No. 05-6405 Rolen v. Hansen Beverage Co. The trial court, faced with a proffer of expert testimony, must determine at the outset whether the expert will testify to scientific knowledge that aids the factfinder. The Supreme Court stated that "[t]his entails a preliminary assessment of whether the reasoning or methodology underlying the testimony is scientifically valid and of whether that reasoning or methodology properly can be applied to the facts in issue." Id. at 592-93. The Court emphasized that in making that assessment, "[m]any factors will bear on the inquiry." It provided a non-exclusive set of factors to guide the assessment: 1) whether the theory or technique can be tested; 2) whether it has been subjected to peer review and publication; 3) the known or potential rate of error, and the existence and maintenance of standards controlling the technique's operation; and 4) the degree to which the theory or technique is accepted within the relevant scientific community. Id. at 593-94. In Kumho, the Supreme Court made clear that the factors listed in Daubert need not be applied in each instance; the Daubert inquiry is flexible, and the specific factors set out in Daubert should be considered "where they are reasonable measures of the reliability of expert testimony." Kumho, 526 U.S. at 152. See also id. at 141-42, 151. The objective of the Daubert gatekeeping requirement, the Kumho Court stated, is "to make certain that an expert, whether basing testimony upon professional studies or personal experience, employs in the courtroom the same level of intellectual rigor that characterizes the practice of an expert in the relevant field." Id. at 152. The Kumho Court emphasized that "`nothing in either Daubert or the Federal Rules of Evidence requires a district court to admit opinion evidence that is connected to existing data only by the ipse dixit of the expert.'" Id. at 157 (quoting General Elec. Co. v. Joiner, 522 U.S. 136, 146 (1997)). "A court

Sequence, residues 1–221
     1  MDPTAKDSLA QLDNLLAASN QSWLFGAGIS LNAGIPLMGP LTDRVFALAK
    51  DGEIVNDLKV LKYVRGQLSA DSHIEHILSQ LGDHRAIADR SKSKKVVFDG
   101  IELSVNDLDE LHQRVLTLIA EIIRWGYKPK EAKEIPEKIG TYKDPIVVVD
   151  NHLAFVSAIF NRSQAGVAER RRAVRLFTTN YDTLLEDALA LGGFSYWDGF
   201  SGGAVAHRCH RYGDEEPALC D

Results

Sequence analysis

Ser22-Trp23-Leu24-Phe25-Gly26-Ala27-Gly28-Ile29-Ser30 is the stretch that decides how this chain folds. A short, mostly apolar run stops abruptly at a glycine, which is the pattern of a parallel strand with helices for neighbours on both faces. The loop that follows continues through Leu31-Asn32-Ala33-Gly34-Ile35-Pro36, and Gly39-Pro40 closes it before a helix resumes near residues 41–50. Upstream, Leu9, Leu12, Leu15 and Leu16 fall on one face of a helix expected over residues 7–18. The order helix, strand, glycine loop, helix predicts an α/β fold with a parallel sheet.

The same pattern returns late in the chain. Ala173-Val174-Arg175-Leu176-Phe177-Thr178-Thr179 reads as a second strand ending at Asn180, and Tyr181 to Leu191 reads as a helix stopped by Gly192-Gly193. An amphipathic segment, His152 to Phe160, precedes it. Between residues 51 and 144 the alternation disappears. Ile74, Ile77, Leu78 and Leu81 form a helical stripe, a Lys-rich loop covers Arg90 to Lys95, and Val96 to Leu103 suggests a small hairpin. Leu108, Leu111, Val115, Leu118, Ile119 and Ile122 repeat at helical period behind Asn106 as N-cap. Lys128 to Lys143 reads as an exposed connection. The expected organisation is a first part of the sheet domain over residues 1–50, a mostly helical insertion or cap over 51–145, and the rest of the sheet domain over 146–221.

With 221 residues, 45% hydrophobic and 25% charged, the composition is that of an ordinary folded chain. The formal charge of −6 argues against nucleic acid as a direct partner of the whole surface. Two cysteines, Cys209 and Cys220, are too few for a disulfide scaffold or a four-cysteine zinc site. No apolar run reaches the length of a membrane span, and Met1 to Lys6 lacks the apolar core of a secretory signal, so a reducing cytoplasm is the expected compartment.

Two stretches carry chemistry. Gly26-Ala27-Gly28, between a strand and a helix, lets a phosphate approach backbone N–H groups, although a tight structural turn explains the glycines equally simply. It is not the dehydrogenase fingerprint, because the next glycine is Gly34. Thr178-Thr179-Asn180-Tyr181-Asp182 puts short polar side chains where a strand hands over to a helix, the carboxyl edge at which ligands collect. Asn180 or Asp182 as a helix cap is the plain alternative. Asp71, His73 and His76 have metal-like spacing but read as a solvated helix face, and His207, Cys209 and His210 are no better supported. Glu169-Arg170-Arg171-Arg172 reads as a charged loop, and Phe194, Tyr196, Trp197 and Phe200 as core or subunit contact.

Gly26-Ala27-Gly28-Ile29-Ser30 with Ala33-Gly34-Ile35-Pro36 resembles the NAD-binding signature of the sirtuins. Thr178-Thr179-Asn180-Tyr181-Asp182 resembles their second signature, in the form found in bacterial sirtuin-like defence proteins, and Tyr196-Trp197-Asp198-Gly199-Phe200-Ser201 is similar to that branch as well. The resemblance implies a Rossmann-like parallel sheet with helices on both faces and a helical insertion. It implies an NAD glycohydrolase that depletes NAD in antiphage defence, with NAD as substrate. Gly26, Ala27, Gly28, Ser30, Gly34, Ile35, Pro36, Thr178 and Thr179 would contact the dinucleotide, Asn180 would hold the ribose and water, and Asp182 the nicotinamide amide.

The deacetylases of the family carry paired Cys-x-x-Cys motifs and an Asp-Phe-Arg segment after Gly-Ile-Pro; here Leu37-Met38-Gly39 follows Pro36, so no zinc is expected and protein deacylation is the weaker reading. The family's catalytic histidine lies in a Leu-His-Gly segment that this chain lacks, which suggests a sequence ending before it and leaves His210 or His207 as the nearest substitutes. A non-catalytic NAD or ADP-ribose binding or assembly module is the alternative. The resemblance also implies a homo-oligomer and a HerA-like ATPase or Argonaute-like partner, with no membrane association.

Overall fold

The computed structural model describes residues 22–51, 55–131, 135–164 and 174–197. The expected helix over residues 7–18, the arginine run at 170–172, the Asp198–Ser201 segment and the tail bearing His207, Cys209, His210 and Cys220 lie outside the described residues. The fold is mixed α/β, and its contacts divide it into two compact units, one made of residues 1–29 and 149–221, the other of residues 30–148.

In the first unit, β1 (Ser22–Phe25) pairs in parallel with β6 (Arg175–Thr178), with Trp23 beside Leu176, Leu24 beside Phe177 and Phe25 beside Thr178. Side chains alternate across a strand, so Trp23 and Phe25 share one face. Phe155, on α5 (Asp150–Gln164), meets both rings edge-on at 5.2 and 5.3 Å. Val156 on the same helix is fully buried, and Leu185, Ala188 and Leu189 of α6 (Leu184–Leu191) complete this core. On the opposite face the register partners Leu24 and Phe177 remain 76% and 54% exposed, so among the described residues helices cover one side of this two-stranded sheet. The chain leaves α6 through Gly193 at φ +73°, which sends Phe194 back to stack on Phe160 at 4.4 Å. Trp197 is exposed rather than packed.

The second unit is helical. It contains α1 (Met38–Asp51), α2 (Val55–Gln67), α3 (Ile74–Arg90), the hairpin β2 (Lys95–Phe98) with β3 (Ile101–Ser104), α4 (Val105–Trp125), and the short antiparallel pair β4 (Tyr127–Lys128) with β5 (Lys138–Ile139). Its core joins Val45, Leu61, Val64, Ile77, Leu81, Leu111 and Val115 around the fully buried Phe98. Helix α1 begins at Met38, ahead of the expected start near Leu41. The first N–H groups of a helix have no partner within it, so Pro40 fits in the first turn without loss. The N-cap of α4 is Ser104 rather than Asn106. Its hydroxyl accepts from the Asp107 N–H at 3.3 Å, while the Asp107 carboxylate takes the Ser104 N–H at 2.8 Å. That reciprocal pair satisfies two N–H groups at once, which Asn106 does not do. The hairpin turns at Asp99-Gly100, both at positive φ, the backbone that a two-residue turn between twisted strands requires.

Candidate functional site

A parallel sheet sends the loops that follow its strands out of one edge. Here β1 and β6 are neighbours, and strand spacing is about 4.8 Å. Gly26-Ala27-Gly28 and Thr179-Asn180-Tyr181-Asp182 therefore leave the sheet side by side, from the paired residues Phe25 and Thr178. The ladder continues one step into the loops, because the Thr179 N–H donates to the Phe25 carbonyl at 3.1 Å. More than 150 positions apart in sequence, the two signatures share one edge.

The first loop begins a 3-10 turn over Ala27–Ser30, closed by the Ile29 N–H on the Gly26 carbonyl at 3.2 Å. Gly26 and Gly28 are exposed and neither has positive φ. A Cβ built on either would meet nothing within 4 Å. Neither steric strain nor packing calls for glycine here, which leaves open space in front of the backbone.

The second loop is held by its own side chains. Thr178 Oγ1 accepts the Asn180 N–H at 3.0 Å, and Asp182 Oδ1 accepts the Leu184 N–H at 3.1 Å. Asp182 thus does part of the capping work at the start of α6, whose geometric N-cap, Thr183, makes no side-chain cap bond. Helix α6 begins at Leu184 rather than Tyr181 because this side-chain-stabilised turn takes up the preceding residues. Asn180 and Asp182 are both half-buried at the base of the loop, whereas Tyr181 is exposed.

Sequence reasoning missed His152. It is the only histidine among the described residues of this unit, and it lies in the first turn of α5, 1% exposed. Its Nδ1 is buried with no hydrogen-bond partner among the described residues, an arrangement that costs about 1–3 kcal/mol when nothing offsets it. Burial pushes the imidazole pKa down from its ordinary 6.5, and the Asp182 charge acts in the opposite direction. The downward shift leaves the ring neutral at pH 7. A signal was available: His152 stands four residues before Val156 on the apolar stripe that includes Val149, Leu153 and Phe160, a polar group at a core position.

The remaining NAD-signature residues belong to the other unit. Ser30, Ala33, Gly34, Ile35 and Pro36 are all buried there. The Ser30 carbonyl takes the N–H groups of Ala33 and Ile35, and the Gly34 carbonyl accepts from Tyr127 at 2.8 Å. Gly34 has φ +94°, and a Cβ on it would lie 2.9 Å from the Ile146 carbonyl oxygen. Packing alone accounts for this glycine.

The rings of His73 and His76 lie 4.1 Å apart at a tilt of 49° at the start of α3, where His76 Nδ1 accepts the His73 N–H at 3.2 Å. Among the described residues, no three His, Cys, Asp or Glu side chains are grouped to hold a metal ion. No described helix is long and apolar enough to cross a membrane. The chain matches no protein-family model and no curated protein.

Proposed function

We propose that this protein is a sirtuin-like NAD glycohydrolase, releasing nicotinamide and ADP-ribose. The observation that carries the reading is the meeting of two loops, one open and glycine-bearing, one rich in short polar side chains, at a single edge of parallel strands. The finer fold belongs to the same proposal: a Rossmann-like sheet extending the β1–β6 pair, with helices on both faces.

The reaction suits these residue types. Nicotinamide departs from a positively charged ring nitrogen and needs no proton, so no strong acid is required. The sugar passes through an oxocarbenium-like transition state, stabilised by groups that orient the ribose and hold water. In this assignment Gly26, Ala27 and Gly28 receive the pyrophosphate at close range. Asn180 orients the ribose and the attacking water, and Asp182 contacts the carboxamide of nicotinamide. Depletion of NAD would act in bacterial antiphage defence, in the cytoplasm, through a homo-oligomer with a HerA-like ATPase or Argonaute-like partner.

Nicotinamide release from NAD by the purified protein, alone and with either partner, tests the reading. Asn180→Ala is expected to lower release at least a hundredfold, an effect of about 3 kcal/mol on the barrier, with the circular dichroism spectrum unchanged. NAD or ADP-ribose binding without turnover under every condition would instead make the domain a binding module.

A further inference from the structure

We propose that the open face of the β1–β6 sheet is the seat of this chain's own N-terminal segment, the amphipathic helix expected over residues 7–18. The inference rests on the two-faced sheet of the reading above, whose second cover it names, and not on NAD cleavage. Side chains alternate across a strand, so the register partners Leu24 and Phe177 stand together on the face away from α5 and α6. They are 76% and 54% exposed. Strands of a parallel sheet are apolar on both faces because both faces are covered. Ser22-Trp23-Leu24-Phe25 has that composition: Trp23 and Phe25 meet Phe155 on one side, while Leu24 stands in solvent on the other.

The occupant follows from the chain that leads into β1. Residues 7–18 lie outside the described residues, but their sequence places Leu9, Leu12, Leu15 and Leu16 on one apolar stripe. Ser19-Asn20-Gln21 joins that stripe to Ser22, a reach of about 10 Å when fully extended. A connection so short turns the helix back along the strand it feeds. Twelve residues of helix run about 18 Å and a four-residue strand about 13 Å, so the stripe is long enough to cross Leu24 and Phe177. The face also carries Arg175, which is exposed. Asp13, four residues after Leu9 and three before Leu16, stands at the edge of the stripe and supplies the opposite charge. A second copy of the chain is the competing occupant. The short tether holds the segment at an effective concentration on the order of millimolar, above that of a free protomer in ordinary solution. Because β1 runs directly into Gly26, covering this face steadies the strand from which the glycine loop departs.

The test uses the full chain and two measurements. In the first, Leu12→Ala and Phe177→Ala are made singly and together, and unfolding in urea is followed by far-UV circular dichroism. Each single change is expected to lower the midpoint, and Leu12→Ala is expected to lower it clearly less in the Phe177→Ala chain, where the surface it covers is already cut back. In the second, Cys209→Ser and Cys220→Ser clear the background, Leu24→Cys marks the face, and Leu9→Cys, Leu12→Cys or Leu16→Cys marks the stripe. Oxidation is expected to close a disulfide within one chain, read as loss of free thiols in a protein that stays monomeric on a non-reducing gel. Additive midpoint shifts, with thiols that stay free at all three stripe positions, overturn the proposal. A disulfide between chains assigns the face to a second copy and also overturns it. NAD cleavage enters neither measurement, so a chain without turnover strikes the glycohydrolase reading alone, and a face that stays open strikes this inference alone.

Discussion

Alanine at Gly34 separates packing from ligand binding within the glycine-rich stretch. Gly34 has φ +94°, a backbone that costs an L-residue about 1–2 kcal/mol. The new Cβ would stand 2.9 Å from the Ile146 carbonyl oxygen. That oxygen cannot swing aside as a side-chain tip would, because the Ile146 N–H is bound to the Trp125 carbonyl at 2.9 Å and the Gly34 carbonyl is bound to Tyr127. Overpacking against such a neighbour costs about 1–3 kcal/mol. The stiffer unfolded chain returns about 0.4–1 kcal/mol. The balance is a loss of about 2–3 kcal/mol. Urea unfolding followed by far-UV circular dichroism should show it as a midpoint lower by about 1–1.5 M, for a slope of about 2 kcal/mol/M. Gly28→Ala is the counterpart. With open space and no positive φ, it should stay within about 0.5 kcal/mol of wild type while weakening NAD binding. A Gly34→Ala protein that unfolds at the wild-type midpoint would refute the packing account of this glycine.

No. 05-6405 Rolen v. Hansen Beverage Co. may conclude," the Supreme Court noted in Joiner, 522 U.S. at 146, "that there is simply too great an analytical gap between the data and the opinion proffered." Expert opinions based upon nothing more than the logical fallacy of post hoc ergo propter hoc typically do not pass muster under Daubert. See McClain v. Metabolife Intern., Inc., 401 F.3d 1233, 1242-43 (11th Cir. 2005); Downs v. Perstorp Components, Inc., 26 F. App'x 472, 473-76 (6th Cir. 2002) (unpublished). We are not firmly convinced that the district court made a mistake in excluding Dr. Houston's expert opinion testimony under Daubert. We therefore conclude that it did not abuse its discretion in so doing. Dr. Houston's examination and testing of Rolen turned up nothing abnormal. Dr. Houston's review of information from an upper GI endoscopy, which had evidently been conducted by someone else, revealed some gastritis that Dr. Houston stated "may have been related to his recent event with the Juice Blast," but with no supporting reasoning or methodology. That analysis is a slender reed to grasp in attempting to show causation. Dr. Houston stated that it would have been "very reasonable" to test Juice Blast from the same lot as that of the product Rolen had consumed, and subsequently reiterated that he would have liked to have made sure that "there weren't problems with the same batch." But he then stated that any test of juice product from the same lot that turned up negativeas the testing ordered by Hansen didwould not have changed his opinion, stating that he would "have to see the actual bottle that he ingested tested, if possible." Dr. Houston seemed to indicate that he asked Rolen for the carton from which Rolen drank, or another carton from the package, or at least information from the testing of - 10 -